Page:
Motherland Dances in the Park

Thursday, July 29, 7:30PM

This performance will offer audio description for blind and low vision patrons.
Due to expected rain showers and thunderstorms, Motherland Dances in the Park will take place INDOORS at the Claire Shulman Theatre in the Queens Theatre facilities. Queens Theatre is maintaining a mandatory mask requirement for all ticketholders indoors, regardless of vaccination status, in accordance with current CDC guidance.
Queens Theatre and The Physical Plant are proud to present live dance performances on our summer outdoor stage in Flushing meadows Corona Park! NYC based dance companies - Redhawk Native American Arts Council, Korean Traditional Music and Dance, and Oyu Oro Afro-Cuban Experimental Dance Ensemble share their stories of cultural heritage from the feminine perspective, reminding us of the humanity of motherland and mother earth.
Our new outdoor summer stage just yards away from our facilities in Flushing Meadows Corona Park. Tickets are free but required.
Gya Watson

Featured Dance Companies

Redhawk Native American Arts Council

Redhawk Native American Arts Council

The Redhawk Native American Arts Council is a not for profit organization founded and maintained by Native American artists and educators residing in the New York City area. Since 1994, the Council is dedicated to educating the general public about Native American heritage through song, dance, theater, works of art and other cultural forms of expression. The council represents artists from North, South, Central American, Caribbean and Polynesian Indigenous cultures.

Redhawk Council produces four of the largest Native American heritage celebrations in the Northeast. The arts council also hosts festivals, workshops, theater presentations and educational programs, addressing stereotypes and fostering an awareness of Native cultures from a historical standpoint, with a focus on contemporary cultural practices.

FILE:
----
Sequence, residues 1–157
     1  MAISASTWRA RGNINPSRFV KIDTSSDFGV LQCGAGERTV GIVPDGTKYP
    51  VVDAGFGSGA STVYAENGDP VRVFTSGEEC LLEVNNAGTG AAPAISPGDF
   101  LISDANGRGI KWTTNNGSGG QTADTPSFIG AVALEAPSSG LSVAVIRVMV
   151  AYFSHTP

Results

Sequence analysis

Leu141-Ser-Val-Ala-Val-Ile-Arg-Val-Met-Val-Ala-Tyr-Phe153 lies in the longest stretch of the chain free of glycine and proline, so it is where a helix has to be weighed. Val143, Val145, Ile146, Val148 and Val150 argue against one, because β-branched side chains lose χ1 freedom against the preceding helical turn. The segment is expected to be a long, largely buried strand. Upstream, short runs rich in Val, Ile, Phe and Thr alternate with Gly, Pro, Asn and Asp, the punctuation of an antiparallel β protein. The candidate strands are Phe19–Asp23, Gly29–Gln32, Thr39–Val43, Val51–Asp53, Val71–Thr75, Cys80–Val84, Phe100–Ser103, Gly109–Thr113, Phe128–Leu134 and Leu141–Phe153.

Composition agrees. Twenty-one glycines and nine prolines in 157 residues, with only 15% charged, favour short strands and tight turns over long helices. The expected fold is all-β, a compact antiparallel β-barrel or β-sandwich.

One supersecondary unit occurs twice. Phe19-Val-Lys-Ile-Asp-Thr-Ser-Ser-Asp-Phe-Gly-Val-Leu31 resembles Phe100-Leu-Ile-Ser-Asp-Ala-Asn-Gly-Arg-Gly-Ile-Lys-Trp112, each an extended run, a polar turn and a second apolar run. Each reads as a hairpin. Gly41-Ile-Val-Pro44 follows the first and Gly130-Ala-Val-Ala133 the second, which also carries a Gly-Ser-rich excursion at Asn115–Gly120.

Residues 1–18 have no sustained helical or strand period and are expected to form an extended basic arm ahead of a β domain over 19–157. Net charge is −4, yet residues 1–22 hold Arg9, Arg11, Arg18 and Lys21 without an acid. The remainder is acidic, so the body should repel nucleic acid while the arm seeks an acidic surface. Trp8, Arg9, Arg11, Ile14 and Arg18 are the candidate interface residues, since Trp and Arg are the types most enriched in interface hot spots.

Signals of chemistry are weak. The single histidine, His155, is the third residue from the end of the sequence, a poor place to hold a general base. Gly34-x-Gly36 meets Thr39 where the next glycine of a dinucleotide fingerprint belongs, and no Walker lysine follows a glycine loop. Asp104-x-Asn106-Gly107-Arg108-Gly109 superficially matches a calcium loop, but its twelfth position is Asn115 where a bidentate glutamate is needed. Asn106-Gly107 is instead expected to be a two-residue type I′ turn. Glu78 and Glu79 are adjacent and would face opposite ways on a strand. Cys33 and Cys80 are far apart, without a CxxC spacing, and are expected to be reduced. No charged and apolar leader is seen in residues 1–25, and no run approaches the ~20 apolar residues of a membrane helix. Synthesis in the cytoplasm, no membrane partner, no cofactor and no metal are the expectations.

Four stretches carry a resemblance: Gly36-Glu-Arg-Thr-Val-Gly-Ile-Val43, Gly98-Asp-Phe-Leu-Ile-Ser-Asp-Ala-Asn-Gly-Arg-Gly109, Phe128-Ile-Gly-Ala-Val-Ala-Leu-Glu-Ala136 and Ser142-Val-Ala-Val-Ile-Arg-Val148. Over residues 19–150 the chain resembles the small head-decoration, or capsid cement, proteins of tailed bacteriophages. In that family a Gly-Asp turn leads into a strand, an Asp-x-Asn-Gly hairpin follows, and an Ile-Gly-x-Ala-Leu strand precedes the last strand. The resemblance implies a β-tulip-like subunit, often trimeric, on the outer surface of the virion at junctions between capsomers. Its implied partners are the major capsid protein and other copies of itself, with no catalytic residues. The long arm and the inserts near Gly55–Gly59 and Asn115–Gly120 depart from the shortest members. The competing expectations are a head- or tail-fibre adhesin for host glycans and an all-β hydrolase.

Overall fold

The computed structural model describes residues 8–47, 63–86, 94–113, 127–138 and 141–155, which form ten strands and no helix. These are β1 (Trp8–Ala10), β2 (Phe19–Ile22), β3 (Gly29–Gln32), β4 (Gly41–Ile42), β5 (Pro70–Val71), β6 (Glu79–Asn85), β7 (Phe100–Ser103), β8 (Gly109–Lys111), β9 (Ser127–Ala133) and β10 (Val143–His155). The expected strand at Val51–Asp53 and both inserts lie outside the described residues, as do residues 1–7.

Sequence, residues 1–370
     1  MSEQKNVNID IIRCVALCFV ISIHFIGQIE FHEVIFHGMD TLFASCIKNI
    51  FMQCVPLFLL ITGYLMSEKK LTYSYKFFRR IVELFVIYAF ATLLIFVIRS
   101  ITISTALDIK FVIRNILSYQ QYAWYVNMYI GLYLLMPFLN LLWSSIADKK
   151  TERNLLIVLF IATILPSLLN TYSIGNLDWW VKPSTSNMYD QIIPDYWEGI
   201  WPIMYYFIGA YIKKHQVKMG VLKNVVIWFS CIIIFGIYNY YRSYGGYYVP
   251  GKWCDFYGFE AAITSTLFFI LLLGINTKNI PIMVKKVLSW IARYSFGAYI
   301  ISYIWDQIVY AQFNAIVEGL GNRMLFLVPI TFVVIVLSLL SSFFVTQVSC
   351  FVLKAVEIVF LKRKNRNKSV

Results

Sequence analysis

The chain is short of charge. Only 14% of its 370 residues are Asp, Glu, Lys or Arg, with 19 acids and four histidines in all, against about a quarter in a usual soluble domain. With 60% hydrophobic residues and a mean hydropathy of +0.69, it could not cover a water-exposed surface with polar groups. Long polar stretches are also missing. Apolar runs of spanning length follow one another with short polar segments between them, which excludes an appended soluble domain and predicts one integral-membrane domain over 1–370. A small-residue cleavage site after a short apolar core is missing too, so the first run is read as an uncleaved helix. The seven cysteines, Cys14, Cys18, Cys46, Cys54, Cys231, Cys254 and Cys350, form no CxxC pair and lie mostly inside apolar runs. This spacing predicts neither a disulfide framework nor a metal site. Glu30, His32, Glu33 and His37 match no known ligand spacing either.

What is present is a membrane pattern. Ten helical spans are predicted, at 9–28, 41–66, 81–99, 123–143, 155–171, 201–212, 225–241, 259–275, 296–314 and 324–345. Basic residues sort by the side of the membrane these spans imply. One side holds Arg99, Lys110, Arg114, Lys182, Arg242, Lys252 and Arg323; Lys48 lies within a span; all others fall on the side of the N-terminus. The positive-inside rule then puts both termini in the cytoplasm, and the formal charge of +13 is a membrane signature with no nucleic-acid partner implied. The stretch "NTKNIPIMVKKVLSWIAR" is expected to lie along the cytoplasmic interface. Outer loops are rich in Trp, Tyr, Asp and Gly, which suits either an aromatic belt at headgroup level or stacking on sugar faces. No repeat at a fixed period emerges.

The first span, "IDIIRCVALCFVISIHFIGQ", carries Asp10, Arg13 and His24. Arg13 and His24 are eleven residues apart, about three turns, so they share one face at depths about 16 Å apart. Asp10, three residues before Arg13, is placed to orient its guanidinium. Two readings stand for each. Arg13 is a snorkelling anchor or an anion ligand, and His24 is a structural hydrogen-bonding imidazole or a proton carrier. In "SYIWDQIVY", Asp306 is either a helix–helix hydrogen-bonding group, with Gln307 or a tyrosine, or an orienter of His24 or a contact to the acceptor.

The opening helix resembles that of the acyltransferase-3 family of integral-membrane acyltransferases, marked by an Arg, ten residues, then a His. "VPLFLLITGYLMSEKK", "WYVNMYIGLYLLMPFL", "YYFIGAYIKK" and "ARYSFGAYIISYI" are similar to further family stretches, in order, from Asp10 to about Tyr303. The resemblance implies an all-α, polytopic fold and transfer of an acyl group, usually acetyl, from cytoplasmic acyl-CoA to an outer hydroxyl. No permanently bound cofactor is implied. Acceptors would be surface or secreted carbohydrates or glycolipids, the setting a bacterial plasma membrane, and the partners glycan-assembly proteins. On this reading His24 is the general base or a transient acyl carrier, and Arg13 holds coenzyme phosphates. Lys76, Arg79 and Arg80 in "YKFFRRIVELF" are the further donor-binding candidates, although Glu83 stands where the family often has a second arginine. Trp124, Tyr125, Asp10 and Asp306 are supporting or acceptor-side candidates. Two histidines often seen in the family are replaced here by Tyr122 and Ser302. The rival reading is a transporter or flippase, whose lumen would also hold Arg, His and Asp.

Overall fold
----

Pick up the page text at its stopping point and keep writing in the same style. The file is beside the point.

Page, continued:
Korean Traditional Music and Dance Center of New York (KTMDC)

Korean Traditional Music and Dance Center of New York (KTMDC) Founded in 1987, the Korean Traditional Music and Dance Center of New York (KTMDC) is the oldest established Korean performing arts organization in New York City. KTMDC specializes in teaching and performing Korean traditional music and dance. By doing so, we strive to play the role of an unofficial diplomat, and share and preserve Korea's rich and vibrant culture with Korean-Americans as well as the surrounding community.

OYU ORO Afro Cuban Experimental Dance Ensemble

Oyu Oro Afro Cuban Experimental Dance Ensemble

Oyu Oro is the brainchild of Danys "La Mora" Pérez ─ international Afro-Cuban folklore performer, choreographer, teacher and dance ethnologist from Santiago de Cuba. The company is committed to the preservation of Afro-Cuban folklore as well as to encouraging the cross-cultural understanding of the dance and music forms derived from African culture. While Oyu Oro’s traditional repertoire pays tribute to African lineages derived from the Yoruba, Congo, Carabali, Arará and Dahomean cultures of West Africa and Haiti, the popular dance choreographies also celebrate the national Cuban heritage.  Since 2010, Oyu Oro has also been running the Dos Aguas Dance Program, a comprehensive dance and cultural study program for Americans and others to research in Cuba.

Program Information

Redhawk Native American Arts Council

Jingle Dress Dance

Performed by Anisha